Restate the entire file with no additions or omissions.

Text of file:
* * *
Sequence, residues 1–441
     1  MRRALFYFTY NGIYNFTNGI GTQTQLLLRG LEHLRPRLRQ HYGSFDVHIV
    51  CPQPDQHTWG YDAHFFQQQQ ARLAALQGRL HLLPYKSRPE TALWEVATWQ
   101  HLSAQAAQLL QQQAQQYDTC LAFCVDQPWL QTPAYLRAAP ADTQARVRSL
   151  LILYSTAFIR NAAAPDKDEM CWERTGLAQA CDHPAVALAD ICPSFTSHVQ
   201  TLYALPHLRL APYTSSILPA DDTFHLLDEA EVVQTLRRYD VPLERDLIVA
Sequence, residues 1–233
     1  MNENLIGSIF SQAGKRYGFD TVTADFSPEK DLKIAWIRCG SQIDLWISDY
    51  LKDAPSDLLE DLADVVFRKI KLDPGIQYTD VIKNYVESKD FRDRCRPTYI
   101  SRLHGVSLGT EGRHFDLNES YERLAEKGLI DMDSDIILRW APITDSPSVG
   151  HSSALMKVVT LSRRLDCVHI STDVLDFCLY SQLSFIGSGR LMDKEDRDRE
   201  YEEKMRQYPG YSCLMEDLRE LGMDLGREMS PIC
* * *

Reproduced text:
Sequence, residues 1–441
     1  MRRALFYFTY NGIYNFTNGI GTQTQLLLRG LEHLRPRLRQ HYGSFDVHIV
    51  CPQPDQHTWG YDAHFFQQQQ ARLAALQGRL HLLPYKSRPE TALWEVATWQ
   101  HLSAQAAQLL QQQAQQYDTC LAFCVDQPWL QTPAYLRAAP ADTQARVRSL
   151  LILYSTAFIR NAAAPDKDEM CWERTGLAQA CDHPAVALAD ICPSFTSHVQ
   201  TLYALPHLRL APYTSSILPA DDTFHLLDEA EVVQTLRRYD VPLERDLIVA
Sequence, residues 1–233
     1  MNENLIGSIF SQAGKRYGFD TVTADFSPEK DLKIAWIRCG SQIDLWISDY
    51  LKDAPSDLLE DLADVVFRKI KLDPGIQYTD VIKNYVESKD FRDRCRPTYI
   101  SRLHGVSLGT EGRHFDLNES YERLAEKGLI DMDSDIILRW APITDSPSVG
   151  HSSALMKVVT LSRRLDCVHI STDVLDFCLY SQLSFIGSGR LMDKEDRDRE
   201  YEEKMRQYPG YSCLMEDLRE LGMDLGREMS PIC